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Woods needs top-10 at Open to qualify for WGC

By Will GrayJuly 16, 2018, 4:34 pm

If Tiger Woods is going to qualify for the final WGC-Bridgestone Invitational at Firestone Country Club, he'll need to do something he hasn't done in five years this week at The Open.

Woods has won eight times at Firestone, including his most recent PGA Tour victory in 2013, and has openly stated that he would like to qualify for the no-cut event in Akron before it shifts to Memphis next year. But in order to do so, Woods will need to move into the top 50 in the Official World Golf Ranking after this week's event at Carnoustie.

Woods is currently ranked No. 71 in the world, down two spots from last week, and based on projections it means that he'll need to finish no worse than a tie for eighth to have a chance of cracking the top 50. Woods' last top-10 finish at a major came at the 2013 Open at Muirfield, where he tied for sixth.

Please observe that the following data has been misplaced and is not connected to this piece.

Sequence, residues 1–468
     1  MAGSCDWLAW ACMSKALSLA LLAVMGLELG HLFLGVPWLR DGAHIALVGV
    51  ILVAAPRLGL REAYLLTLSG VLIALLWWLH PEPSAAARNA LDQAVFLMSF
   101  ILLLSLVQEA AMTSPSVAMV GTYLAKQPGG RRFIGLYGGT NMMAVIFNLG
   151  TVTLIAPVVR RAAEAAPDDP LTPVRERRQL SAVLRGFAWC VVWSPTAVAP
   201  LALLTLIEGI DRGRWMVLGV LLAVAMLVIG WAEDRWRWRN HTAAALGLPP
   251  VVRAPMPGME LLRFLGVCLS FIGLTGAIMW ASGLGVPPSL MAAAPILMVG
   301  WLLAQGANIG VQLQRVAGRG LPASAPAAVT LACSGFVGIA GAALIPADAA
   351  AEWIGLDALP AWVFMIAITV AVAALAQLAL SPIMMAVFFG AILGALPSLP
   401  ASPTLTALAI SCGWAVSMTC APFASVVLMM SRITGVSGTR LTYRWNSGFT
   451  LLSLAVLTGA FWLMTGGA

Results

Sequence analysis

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There are actually two OWGR cutoffs for the Bridgestone, July 23 and July 30. That means that Woods could theoretically still add a start at next week's RBC Canadian Open to chase a spot in the top 50, but he has said on multiple occasions that this week will be his last start of the month. The WGC-Bridgestone Invitational will be played Aug. 2-5.

There wasn't much movement in the world rankings last week, with the top 10 staying the same heading into the season's third major. Dustin Johnson remains world No. 1, followed by Justin Thomas, Justin Rose, Brooks Koepka and Jon Rahm. Defending Open champ Jordan Spieth is ranked sixth, with Rickie Fowler, Rory McIlroy, Jason Day and Tommy Fleetwood rounding out the top 10.